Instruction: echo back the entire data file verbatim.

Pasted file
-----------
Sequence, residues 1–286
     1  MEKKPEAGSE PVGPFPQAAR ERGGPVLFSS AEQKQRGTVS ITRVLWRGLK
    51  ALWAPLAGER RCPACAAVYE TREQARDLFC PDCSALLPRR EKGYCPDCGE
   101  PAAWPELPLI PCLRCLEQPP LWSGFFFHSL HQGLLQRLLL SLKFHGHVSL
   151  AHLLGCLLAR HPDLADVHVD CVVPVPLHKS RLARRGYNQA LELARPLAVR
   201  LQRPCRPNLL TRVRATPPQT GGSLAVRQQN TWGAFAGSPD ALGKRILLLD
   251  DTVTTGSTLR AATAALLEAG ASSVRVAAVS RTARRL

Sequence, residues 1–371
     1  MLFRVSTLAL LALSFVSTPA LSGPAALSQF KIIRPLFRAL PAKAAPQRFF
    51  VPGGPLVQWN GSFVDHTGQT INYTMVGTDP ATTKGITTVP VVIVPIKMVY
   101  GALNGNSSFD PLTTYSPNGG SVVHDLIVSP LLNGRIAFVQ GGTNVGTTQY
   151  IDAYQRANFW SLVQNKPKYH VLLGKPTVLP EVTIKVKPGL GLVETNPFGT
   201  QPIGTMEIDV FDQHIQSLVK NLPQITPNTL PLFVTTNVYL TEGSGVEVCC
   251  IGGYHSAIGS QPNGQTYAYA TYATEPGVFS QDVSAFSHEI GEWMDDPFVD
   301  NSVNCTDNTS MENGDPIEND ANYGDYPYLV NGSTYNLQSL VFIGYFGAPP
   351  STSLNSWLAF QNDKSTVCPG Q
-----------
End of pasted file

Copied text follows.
Sequence, residues 1–286
     1  MEKKPEAGSE PVGPFPQAAR ERGGPVLFSS AEQKQRGTVS ITRVLWRGLK
    51  ALWAPLAGER RCPACAAVYE TREQARDLFC PDCSALLPRR EKGYCPDCGE
   101  PAAWPELPLI PCLRCLEQPP LWSGFFFHSL HQGLLQRLLL SLKFHGHVSL
   151  AHLLGCLLAR HPDLADVHVD CVVPVPLHKS RLARRGYNQA LELARPLAVR
   201  LQRPCRPNLL TRVRATPPQT GGSLAVRQQN TWGAFAGSPD ALGKRILLLD
   251  DTVTTGSTLR AATAALLEAG ASSVRVAAVS RTARRL

Sequence, residues 1–371
     1  MLFRVSTLAL LALSFVSTPA LSGPAALSQF KIIRPLFRAL PAKAAPQRFF
    51  VPGGPLVQWN GSFVDHTGQT INYTMVGTDP ATTKGITTVP VVIVPIKMVY
   101  GALNGNSSFD PLTTYSPNGG SVVHDLIVSP LLNGRIAFVQ GGTNVGTTQY
   151  IDAYQRANFW SLVQNKPKYH VLLGKPTVLP EVTIKVKPGL GLVETNPFGT
   201  QPIGTMEIDV FDQHIQSLVK NLPQITPNTL PLFVTTNVYL TEGSGVEVCC
   251  IGGYHSAIGS QPNGQTYAYA TYATEPGVFS QDVSAFSHEI GEWMDDPFVD
   301  NSVNCTDNTS MENGDPIEND ANYGDYPYLV NGSTYNLQSL VFIGYFGAPP
   351  STSLNSWLAF QNDKSTVCPG Q